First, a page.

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Ecig Explosions, A Look Into Battery Safety

We've been seeing quite a few "exploding e-cigarette" articles in the news lately – unfortunately this isn't a new phenomenon, as it seems a couple of new stories make the rounds locally and nationally every four or five months. It's been this way pretty much since the beginning of vaping, but the good news is that in almost every story written well enough to provide details on what happened, the "explosion" (just as often a fireball or scattering of sparks) turns out to have been entirely avoidable.

Battery safety is no joke – your vape runs off electrical power, and it requires just as much care and attention as a mobile phone or any other personal electronic device you may carry. The good news is that your vape is much less likely to blow up than a Samsung phone, if you follow these simple bits of advice.

  1. Use the right batteries. This may seem to be so obvious as to go without mention, and there's a chance we've even overlooked it in previous discussions. Still, we've seen queries over the years from people who want to use AA alkaline cells in their vapes (hey, they're kind of, sort of the same size as 18650s, right?), or to stuff button-top 18650s into a mod (virtually all of them these days are designed for flat-topped cells). Don't even think about attempting to do anything like this.
  2. Don't fall for fakes. To vape safely, you need a cell with a continuous discharge rating of 20 amps or higher to generate 75 watts of power. Two 20-amp cells will get you to 150 watts, and so on. If you're trying to get more power out of your mod, you need a 30-amp cell. For most all uses, you NEVER want to go with a cell offering less than 20 amps.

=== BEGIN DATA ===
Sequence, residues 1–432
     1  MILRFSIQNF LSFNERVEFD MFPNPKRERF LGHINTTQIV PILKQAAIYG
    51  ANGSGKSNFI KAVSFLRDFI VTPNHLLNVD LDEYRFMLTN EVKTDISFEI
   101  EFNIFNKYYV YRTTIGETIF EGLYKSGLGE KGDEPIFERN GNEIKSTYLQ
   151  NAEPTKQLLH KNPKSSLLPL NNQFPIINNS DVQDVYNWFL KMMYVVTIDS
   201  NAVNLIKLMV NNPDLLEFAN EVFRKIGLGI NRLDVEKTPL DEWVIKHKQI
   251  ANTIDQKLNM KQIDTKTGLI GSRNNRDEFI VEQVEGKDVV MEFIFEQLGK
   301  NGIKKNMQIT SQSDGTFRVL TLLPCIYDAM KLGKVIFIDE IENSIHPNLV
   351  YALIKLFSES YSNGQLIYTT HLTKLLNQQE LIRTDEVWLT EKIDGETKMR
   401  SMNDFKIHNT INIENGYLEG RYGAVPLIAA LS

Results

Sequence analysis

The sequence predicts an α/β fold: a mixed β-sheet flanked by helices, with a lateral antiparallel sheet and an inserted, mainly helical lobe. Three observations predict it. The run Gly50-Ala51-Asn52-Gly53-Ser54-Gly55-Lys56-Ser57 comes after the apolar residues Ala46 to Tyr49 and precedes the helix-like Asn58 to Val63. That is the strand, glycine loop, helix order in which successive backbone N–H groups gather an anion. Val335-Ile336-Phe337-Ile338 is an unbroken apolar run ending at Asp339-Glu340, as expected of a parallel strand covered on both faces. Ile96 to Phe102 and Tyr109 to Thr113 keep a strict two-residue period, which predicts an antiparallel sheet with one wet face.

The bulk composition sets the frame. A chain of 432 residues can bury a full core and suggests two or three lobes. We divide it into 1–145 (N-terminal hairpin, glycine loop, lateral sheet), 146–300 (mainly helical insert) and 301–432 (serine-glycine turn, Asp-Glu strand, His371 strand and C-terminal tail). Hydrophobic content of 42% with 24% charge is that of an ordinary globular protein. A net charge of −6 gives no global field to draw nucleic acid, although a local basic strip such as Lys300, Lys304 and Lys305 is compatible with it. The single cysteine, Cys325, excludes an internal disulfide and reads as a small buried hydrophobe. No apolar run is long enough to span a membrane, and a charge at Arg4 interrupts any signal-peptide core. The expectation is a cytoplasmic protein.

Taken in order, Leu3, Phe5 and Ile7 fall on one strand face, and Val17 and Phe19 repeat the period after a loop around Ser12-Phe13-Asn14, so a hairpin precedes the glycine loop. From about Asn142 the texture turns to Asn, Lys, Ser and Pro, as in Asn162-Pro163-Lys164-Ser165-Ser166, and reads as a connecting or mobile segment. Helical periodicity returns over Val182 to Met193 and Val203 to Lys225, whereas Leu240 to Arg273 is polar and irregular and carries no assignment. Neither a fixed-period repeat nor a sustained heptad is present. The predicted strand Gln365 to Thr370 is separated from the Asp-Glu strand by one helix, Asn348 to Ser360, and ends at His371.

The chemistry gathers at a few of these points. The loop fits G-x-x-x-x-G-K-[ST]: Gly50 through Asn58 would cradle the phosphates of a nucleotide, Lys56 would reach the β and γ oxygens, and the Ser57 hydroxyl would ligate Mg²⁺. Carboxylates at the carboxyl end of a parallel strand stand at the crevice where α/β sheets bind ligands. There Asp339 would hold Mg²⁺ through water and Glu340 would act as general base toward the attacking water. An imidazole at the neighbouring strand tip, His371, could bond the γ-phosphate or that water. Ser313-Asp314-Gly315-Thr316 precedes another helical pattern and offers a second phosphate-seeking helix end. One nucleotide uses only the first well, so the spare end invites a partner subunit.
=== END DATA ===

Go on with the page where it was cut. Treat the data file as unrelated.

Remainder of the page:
We'll say this once here – there is no such thing as an 18650 cell that offers more continuous draw than 30 amps. None. If a battery claims it can deliver more, it's lying to you. There are only three battery manufacturers in existence that make cells suitable for vaping, and you've heard of all of them – LG, Samsung, and Sony. Not every battery made by these manufacturers is suitable for vaping, but no battery made by anyone else is a good idea to use.

"Hey, wait!" you say. "I have these super purple 35 amp cells, and there are batteries with 'vape' in the name that go to 40, even 50!"

Wrong. What these "manufacturers" actually make is plastic shrink wrap. The batteries they're peddling are generally "seconds" from one of the known manufacturers (read: cells that didn't pass a quality control test and the factory they came from doesn't want to put their name on them). Not only are they inferior cells with fake specs, they generally cost more than the legit name-brands. Don't fall for it.

If you're buying a product with a built-in battery, whether it's an eGo-style stick battery or a full-fledged mod, make sure you're getting a trusted name brand. Mystery electronics, while a few bucks cheaper, aren't worth a scorched hand or face.

  1. Charge properly. Charging batteries, just like draining them, generates heat. The more the charge (or discharge) rate, the more heat. Remember that amp thing from the last point? That rating tells you, among other things, how much power a battery can discharge without overheating internally (read: exploding). But charging is worth a consideration too – you've seen the photos of cell phones that have exploded on the charger from overheating that your grandma likes to forward via email chain, no? Those phone batteries took on too much of a charge, or they took it on too fast.